How to Use WordPress with React to Build a Modern Web App

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When we first wrote about using WordPress as a headless CMS and the WP REST API back in 2017, it was a very big deal for us, JAMstack aficionados.

I mean, a concept like “headless CMS” was only beginning to make noise, and WordPress embracing it was a huge statement.

And it paid.

The web development landscape is ever-changing and the promises of modern frontend techs are materializing.

wordpress-rest-api

Every developer and their dog have something to say about WordPress, and it's not always flattering. Far from it. However, even its most avid detractors are forced to take notice of this feature, because it has already transformed the way we use the popular CMS.

WordPress REST API is a huge step forward for frontend developers looking to combine the power of JavaScript frameworks like React (or Vue.js) with WordPress.

This is exactly what I want to do today with this demo of the WordPress REST API in the work.

I'll use WordPress as a backend, and the REST API to feed data into a React app.

More precisely, you’ll learn how to:

  • Access the WP REST API from your frontend
  • Add a custom post type and expose it to the API
  • Build a React app backed by this API
  • Handle React Hooks (and create a custom one)

Before we start, let's see what is the REST API for WordPress and why you should care about it.

What is WordPress REST API?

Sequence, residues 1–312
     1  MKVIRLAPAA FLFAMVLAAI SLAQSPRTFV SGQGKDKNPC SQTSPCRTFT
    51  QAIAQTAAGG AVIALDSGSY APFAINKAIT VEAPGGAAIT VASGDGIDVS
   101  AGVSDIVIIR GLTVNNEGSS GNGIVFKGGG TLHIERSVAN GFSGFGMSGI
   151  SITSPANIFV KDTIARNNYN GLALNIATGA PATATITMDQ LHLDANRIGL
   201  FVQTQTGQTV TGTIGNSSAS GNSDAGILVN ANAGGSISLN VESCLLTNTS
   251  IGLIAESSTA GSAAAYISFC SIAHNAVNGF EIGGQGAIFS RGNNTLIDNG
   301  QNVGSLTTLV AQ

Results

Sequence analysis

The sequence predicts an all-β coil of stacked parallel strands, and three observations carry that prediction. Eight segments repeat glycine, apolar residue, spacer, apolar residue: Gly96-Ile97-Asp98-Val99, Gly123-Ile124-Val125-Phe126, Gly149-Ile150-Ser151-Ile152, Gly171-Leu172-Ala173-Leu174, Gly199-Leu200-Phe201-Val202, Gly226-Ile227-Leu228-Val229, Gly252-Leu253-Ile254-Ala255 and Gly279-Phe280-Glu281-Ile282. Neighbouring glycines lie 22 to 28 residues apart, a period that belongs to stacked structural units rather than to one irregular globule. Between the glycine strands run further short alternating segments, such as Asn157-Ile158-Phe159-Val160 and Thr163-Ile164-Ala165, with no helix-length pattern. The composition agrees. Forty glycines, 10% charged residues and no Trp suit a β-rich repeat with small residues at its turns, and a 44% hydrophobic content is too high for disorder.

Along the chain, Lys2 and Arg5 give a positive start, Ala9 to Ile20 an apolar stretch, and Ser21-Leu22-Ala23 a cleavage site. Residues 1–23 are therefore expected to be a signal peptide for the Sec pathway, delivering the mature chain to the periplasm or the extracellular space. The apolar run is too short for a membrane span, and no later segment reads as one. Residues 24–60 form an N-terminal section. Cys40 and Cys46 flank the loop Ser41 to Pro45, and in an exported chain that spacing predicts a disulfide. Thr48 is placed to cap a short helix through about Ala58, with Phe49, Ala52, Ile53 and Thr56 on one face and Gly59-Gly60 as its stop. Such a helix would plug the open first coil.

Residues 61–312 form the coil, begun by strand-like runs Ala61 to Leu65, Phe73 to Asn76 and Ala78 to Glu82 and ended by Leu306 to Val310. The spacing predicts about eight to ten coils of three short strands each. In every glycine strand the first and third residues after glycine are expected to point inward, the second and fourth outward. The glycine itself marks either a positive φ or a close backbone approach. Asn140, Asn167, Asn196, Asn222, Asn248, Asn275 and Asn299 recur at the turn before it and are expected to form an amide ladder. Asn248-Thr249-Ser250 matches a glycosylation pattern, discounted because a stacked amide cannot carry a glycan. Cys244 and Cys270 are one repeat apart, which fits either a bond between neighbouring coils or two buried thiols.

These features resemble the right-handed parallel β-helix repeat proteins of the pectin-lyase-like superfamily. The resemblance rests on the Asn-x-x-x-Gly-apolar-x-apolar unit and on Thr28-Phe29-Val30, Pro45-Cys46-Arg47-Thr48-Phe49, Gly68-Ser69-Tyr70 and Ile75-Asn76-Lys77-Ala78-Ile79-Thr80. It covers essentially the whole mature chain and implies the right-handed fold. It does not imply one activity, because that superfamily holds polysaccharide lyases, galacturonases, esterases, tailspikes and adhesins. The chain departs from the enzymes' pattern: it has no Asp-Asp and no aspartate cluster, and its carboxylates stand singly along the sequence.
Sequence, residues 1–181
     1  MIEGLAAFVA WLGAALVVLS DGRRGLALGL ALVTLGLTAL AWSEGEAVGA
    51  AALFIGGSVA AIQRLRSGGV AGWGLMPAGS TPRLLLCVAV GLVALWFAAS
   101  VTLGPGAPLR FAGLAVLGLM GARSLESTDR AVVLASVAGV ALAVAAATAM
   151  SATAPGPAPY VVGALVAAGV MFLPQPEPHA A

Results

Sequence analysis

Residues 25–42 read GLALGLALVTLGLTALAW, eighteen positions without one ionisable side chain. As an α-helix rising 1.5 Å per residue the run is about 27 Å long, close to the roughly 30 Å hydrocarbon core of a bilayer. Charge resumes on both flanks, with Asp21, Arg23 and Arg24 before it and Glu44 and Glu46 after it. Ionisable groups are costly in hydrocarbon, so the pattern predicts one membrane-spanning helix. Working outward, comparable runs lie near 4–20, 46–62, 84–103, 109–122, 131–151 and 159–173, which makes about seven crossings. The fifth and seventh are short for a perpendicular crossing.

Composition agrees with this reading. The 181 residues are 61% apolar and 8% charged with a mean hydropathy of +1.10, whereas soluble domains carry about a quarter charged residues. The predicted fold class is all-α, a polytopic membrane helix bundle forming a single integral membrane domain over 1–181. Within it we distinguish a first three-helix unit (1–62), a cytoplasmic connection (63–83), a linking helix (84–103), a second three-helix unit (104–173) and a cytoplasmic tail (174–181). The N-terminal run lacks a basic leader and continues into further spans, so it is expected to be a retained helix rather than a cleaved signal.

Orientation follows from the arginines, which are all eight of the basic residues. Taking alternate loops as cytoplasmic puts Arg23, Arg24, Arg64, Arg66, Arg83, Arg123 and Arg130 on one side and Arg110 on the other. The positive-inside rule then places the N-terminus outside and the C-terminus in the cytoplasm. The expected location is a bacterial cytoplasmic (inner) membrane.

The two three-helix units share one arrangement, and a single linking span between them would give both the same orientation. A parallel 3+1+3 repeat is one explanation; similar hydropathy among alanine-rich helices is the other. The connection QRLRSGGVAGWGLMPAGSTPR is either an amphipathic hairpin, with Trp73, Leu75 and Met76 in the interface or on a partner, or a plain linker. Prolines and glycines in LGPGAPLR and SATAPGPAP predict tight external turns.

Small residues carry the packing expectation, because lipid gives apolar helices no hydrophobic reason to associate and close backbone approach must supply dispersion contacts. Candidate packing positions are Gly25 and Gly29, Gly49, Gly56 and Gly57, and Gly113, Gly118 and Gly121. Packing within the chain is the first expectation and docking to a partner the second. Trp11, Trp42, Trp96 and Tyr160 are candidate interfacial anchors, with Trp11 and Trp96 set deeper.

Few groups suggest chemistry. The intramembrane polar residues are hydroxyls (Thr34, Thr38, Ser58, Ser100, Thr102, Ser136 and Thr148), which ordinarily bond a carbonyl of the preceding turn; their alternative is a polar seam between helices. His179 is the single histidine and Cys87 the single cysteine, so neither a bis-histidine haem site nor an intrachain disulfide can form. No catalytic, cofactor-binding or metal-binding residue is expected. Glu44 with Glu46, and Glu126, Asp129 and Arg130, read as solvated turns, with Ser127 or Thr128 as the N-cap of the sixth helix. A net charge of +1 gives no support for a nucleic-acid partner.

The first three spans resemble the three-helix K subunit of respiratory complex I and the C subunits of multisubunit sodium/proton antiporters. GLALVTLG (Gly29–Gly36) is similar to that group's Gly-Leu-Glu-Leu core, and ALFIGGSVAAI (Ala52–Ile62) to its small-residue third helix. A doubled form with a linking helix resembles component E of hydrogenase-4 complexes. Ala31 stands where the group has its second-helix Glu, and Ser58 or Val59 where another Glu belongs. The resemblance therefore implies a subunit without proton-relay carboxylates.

WordPress itself doesn't need any introduction, but let's take a closer look at the recent WP REST API. Before we start sliding down the road of its evolution, let's get some definitions out of the way:

An API (Application Program Interface) is a set of protocols for building software applications. It defines the way information is shared between programs and structures the way different components of an application will interact with each other. A good API makes for easier program development by providing all the necessary pieces. You can learn more about APIs here.

REST (Representational State Transfer) is an architectural style defining constraints on the way programs are made. When this architecture is met by web services we called them RESTful APIs or, simply, REST APIs.

JSON (JavaScript Object Notation) is a format for structuring data so that a large number of applications can read it. It makes interactions between something like, say, WordPress, and any kind of app convenient.

Since WordPress 4.7, these concepts have been applied to create the WordPress JSON REST API. It allows for a decoupled approach, effectively separating data (back) from views (front).

What does it mean for users?

WordPress can now be used as a headless CMS.

This offers a whole new world of possibilities for developers, as the frontend of WordPress doesn't need to be "WordPress"—PHP-generated views. The ever-growing numbers of frontend frameworks can now be hooked up to a WordPress backend to develop websites and applications.

wordpress-as-headless-cms

Monolothic CMS vs Headless CMS [source]

When it comes to WP REST API, benefits abound.

Don't only take my word for it, developers already using it are thrilled of this paradigm shift: